LANCE ZIERLEIN'S Z REPORT

It's too early for O'Brien and Watson's struggles to create panic

Deshaun Watson will get better. At least he should. Maddie Meyer/Getty Images

I’ve had two days to talk on the radio, answer texts, and sift through tweets about the Texans loss to the Patriots in week 1. Texans fans definitely aren’t happy, and with good reason. The Patriots are now 10-1 lifetime against the Texans averaging 32.5 to the Texans 19 in those games. Ass-Kickings, Incorporated.

Yes, it was “SOT” (same old Texans) once again. Yes, once again Bill O’Brien failed to handle his business when an important game management situation presented itself. You don’t care about the team if these things didn’t bother you on Sunday and didn’t leak over into Monday.

But some of what I’m hearing? Wow! Just hit YouTube for some old school hip-hop and search “EPMD” and “Chill” and you’ll get to where you need to go because, baby, this sports life might not be for you based on some of the rhetoric and analysis I’m hearing.

Watson never got comfortable

Look Deshaun Watson just had an off game. It happens. We know O’Brien didn’t have a good game, but his quarterback didn’t either. He struggled to get through reads and find his targets with the same quickness that we saw at times last year.  He also got caught throwing from off-platform angles (basically means he’s off-balance and feet weren’t set) which caused throws to drop short of their target.

Watson was also hesitant to make his decisions on where he wanted to go with the football. This isn’t a huge surprise given the fact that he was making just his seventh start in the NFL and playing in just his eighth game. No quarterback is a finished product in their seventh start. None. And when you have to face a Bill Belichick-coached team with the entire season to prepare for you? Forget it.

I had someone tweet to me that Bill O’Brien needed to do a better job of calling plays to get receivers open. The job of the receiver is to get open. Pass plays are designed to create stress on defensive backs with their route combinations, but it’s still the receiver’s job to get open the same way it is Watson’s job ot make reads and throws. It’s O’Briens job to call the best plays for the personnel on the field and for where the Texans advantages are.

R-E-L-A-X

Here are the facts:

  • Deshuan Watson was playing his first game in 8 months.

  • Deshaun Watson had limited reps in the preseason and looked rusty.

  • Deshaun Watson was making just his seventh career start.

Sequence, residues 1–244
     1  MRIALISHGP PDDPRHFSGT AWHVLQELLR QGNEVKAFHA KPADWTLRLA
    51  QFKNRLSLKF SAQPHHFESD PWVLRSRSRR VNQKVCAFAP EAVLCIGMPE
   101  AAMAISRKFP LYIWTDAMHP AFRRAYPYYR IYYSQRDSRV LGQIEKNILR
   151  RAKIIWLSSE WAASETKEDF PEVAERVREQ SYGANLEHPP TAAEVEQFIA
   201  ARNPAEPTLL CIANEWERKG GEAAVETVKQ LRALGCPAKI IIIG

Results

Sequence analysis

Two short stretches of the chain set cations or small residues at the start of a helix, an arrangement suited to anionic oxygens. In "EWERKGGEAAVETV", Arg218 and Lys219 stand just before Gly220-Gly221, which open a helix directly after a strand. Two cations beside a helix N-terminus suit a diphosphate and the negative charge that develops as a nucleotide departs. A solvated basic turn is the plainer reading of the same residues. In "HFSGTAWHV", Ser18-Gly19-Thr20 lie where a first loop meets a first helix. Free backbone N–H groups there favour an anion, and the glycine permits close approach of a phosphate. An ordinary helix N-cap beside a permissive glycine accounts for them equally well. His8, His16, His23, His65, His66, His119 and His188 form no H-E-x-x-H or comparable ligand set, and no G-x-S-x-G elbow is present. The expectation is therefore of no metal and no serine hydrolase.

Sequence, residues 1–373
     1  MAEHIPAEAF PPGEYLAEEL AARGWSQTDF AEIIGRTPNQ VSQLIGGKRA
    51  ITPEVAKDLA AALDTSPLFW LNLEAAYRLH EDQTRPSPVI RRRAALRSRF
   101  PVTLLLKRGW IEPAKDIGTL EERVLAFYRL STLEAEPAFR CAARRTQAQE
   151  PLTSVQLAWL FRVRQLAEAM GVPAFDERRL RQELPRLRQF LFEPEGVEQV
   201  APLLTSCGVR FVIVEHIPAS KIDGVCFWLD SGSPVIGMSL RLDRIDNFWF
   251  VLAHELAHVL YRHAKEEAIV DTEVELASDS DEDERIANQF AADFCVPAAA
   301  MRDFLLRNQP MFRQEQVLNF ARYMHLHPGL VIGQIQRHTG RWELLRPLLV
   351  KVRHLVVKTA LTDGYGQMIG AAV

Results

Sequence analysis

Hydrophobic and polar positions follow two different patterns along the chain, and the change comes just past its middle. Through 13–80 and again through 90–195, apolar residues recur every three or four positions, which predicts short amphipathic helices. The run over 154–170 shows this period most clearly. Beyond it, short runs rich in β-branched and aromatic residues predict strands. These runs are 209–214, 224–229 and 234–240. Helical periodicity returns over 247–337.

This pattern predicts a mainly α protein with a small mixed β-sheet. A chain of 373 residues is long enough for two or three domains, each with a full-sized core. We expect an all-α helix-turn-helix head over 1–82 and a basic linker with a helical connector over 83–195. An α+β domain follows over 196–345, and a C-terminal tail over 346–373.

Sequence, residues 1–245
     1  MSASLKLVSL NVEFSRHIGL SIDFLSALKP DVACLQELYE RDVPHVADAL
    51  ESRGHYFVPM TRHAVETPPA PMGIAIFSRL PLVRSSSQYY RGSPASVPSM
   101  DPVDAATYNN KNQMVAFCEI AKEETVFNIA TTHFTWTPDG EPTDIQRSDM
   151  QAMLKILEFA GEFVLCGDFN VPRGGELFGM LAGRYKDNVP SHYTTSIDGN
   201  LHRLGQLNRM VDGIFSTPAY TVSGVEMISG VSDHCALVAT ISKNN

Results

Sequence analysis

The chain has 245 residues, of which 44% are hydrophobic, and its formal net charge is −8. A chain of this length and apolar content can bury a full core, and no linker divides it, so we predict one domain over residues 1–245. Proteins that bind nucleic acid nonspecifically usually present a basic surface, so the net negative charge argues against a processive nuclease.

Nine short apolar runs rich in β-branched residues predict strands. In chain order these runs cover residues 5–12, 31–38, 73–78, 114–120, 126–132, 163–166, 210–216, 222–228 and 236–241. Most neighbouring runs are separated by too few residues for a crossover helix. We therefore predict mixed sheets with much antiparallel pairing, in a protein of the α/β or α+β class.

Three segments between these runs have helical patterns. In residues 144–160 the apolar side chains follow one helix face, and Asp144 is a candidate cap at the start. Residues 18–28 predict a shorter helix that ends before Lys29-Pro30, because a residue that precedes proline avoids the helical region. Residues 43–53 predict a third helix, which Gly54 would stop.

• Will Fuller, the defensive field stretcher and big play talent was hurt (again).

  • O’Brien and Watson combined to average over 34 points per start in 2018.

  • O’Brien and Watson combined for 21 total touchdowns last season.

Being pissed at O’Brien for the game management issues and the inconsistent performances of this team are completely understandable. Pretending that game one of 2018 matters more than the previous seven games that O’Brien and Watson had together is just nonsensical. ESPN analyst and former Pittsburgh Steeler safety Ryan Clark said the Texans shouldn’t do what Bill O’Brien tells them. He seemed to intimate that Watson’s off game was on O’Brien. Guys…. It’s one game.

Can we let Deshaun keep growing? Can we at least get to get two or three? This may not turn into a winning season and O’Brien might get show the door sooner rather than later, but Watson had a bad game and it’s going to get better.

It better.

 

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The Astros now have several arms they can depend on. Photo by Harry How/Getty Images

Most people considered the Houston Astros bullpen to be the team's biggest hole. Considering Will Harris and Hector Rondon left in the offseason, while no veterans were brought in to replace them, Joe Smith opted out of the shortened COVID season, and Roberto Osuna threw less than 60 total pitches, it makes sense that the 'pen would be thin. Even former bullpen mainstays like Chris Devenski, Brad Peacock, and Josh James missed most or some of the season with injury. The exodus of talent and numerous trips to the IL presented some young arms with an opportunity, and a handful of them seized those opportunities.

Ryan Pressly

Once Osuna went down for the season, Pressly stepped in as the team's closer, and he did an admirable job. He converted 12 of 16 save opportunities, had a 3.43 ERA, 12.43 K/9, and 3.00 BB/9. He wasn't lights out by any means, but he certainly wasn't poor.